In 1934 Mrs. Angelo wrote to Mrs. Sudderth from Pomona, California:
Your letter was a plesant surprise and took my thoughts back many years to the time we arrived in an Indian "long" canoe at Stevens Prairie. It was after sundown, and we had to hurry to find wood to build a fire before dark to get supper and set up our tent for the night. The next morning we had a laugh at Papa Angelo when he said to Jim, "This is the first place I ever was where the sun rose in the North." The crooked river had confused him.
Our men had gone in to see the land over the trail on foot, as the wagon road was not yet made. They had stayed all night at your place. But when we moved in we hired Indians to take us up the Humptulips River in one of their long canoes, taking our cook stove, dishes, bedding, and clothing.
Later we pulled dry grass to fill bed ticks to sleep on, as we could not bring our bedsteads and springs until the road was built.
I thought the country was beautiful. We had our cows and chickens and soon made a garden and set out berry vines. We liked you and your good man very much. Eoline was a baby then. Later we made the acquaintance of the Walker family, which we also liked. Poor Mrs. Walker died soon after we moved away. (She died in 1897).
My Amy was married while we lived there, to a worthy man. When her eldest boy was in his 13th year she was left a widow in Santa Barbara, California. Her son Alvin and family live in Oakland. Mattle also keeps a restaurant there. Jim has been farming in Fresno County, California, but the drought has dried up his crop this year. He is now seventy years old and in poor health. He has three sons and one daughter, the latter is much younger than her brothers, and a lovely girl.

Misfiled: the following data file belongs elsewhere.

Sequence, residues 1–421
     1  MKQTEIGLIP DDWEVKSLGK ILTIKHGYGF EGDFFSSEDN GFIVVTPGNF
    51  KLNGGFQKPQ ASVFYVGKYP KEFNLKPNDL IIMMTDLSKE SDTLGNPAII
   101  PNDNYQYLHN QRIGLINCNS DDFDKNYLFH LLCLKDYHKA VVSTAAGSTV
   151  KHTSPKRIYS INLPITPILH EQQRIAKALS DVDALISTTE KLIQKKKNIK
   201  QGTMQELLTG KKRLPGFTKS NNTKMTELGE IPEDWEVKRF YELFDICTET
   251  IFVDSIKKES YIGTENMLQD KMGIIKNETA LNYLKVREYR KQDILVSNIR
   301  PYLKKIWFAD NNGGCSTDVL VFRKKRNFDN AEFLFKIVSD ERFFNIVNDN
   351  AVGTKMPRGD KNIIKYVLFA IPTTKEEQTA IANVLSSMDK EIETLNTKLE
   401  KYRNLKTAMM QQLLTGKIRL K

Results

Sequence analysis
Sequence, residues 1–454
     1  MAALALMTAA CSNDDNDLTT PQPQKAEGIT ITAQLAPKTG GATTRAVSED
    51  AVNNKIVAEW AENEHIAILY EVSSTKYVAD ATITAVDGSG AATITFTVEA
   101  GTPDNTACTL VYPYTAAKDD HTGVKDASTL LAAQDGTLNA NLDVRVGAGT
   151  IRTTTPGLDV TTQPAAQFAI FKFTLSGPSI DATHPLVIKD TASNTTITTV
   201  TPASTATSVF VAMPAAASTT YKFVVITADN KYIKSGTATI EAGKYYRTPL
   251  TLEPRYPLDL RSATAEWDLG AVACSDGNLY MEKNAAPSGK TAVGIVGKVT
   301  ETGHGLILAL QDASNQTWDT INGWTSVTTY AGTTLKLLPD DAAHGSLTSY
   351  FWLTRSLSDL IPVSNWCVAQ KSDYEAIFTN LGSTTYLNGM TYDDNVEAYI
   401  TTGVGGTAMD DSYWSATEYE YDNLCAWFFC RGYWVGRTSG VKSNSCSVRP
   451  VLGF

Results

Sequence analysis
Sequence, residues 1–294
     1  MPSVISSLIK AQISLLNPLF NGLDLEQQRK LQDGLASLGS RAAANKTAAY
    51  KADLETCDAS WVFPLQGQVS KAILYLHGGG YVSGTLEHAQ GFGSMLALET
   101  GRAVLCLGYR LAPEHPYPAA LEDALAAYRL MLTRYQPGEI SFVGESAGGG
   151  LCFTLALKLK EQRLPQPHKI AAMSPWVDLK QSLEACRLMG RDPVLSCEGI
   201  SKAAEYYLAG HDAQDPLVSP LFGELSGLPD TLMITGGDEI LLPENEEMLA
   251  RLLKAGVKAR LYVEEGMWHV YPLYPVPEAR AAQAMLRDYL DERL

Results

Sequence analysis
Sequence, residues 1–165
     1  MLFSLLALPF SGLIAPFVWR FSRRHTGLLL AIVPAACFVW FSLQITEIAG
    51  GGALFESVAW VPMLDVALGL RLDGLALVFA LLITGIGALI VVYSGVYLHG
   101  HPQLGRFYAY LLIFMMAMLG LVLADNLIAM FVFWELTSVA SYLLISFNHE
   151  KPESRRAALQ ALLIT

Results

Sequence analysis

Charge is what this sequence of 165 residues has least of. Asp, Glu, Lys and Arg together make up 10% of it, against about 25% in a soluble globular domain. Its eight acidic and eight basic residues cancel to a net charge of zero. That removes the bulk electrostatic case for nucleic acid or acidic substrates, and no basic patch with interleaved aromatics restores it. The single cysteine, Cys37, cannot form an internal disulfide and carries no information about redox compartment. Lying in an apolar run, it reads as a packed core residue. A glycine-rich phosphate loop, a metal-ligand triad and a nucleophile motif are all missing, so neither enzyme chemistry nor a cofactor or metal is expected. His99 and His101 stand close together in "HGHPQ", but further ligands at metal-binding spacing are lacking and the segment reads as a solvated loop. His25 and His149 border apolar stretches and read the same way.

Well, dear friend, I am now in my 89th year. My memory is very poor and my hands are shaky. I live alone in an apartment, and have been half sick all winter. It is just old age, and you know that is incurable. Remember me to any of those I know.
Ever your loving friend,
Clara Hermann-Smith, a granddaughter of Mr. and Mrs. Waggle (Amy's Uncle and Aunt) wrote from Seattle in 1946, to Graco McNutt, President of the Humptulips Pioneer Association:
"There is much I learned through the county records in Montesano. Angelos owned not only the 480 acres in Humptulips, which they bought from Charles Stevens of Stevens Prairie and sold to Chase and Ogden, October 18, 1889, but also three properties in the city of Aberdeen; Weatherwax and Benn Addition. These lots were sold to J.J. Evans, P.U. Mann, Addie Crothers, Peter Kennedy and Louise M. Bush.
Amy Angelo's marriage in the Humptulips was Sept. 10, 1888, to John W. Farquhar, a timber cruiser from Olympia. Rev. J.A. Hanna, Prespyterian, perfomed the ceremony. On December 28, 1892, John Angelo and wife granted Power of Attorney to John Farquhar, so they probably moved to California at that time."